Both Mark Schaefer and Brooke Sellas, who co-host The Marketing Companion podcast, say having data to back up your proposal can go a long way.

Having data to back up your proposal can go a long way, says @BrookeSellas & @markwschaefer via @cmicontent. #buyin Share on X

Going for a tactic you heard about once in a webinar or article isn’t enough, Mark says. Instead, consider how the strategy will impact your business. Following trends just puts you in line with everyone else. Instead, tune into your market. Find out what your customers are asking for and understand where they get their information. This data will be more helpful in determining the most valuable content you can create.

Brooke suggests that using tools like artificial intelligence and social listening can help you learn what kind of content will be successful. Then, you can go confidently into a meeting saying you have a data-backed proposal rather than one based on instinct.

Andy Crestodina, co-founder of Orbit Media, says competitor data can serve you well in these buy-in meetings. Your leadership can end up essentially getting FOMO (fear of missing out) when they see competitors are ranking for terms they’re not ranking for or have a massive email list your brand doesn’t have.

Speak to the greater strategy

Don’t pitch an idea that falls into the trap of being a “random act of content,” says marketing strategist, speaker, and writer Kerry O’Shea Gorgone.

Don’t pitch an idea that falls into the trap of being a “random act of content”, says @KerryGorgone via @cmicontent. #buyin Share on X

First, even if that one piece of content performs incredibly well, if it doesn’t tie into anything else you’re doing it won’t have an impact on the business.

Second, a random act of content idea likely has no connection to your greater strategy. You will have a tougher time getting buy-in – for good reason.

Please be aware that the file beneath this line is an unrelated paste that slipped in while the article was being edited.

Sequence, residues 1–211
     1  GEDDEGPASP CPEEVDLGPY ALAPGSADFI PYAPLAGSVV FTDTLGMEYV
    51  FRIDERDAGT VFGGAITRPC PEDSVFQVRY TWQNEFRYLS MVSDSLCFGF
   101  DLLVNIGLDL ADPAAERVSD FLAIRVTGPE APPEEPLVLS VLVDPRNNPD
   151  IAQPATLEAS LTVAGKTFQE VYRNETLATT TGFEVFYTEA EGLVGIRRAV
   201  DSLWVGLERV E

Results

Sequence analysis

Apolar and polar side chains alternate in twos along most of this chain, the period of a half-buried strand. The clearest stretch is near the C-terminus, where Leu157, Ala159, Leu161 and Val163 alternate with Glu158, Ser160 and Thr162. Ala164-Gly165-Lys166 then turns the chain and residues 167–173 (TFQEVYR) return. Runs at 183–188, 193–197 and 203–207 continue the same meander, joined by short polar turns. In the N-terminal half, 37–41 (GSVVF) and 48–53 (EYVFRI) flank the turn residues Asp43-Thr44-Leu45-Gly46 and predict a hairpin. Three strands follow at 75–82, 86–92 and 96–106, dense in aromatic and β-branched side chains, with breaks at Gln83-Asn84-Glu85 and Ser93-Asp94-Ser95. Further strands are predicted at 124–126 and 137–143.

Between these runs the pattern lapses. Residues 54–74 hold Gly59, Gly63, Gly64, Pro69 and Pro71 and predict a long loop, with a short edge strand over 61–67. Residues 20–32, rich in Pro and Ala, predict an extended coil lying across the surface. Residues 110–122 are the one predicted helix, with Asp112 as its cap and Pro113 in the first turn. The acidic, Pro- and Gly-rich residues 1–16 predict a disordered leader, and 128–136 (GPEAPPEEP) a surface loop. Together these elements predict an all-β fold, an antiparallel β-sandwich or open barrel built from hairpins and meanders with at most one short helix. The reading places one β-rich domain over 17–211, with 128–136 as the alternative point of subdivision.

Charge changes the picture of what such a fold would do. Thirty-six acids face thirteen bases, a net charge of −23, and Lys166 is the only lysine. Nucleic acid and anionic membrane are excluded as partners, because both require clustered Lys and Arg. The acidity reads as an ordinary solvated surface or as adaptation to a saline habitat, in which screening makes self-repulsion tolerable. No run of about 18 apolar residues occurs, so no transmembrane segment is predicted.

Communicate with love, not fear

Marketing legend Chris Brogan provided an “eye rolls incoming” warning for his tip, but it is poignant and crucial to remember.

At the bottom of all emotions are two primary ones: fear and love. According to Chris, the biggest mistake marketers make over and over is creating and communicating out of fear rather than out of love.

The biggest mistake marketers make is creating and communicating out of fear rather than out of love, says @chrisbrogan via @cmicontent. #buyin Share on X

How do you communicate out of love? Demonstrate you have their best interests at heart, that you want the company to prosper.

Chris’ advice makes sense and, really, it is the overall theme for all the advice. When you show you know your audience members (i.e., decision-makers) and pitch ideas to address their needs, set realistic goals, connect content marketing to the overall business goals, and deliver it in a way they’ll appreciate, you definitely are doing it from a place of love, not fear. And your decision-makers most likely will appreciate that.

Want to grow your confidence in developing, pitching, and executing great content marketing ideas? Enroll in Content Marketing University. The new 2020 curriculum includes six courses from CMI’s Chief Strategy Advisor Robert Rose and 50-plus hours of ancillary content focused on deeper-dive topics from top industry leaders.

Cover image by Joseph Kalinowski/Content Marketing Institute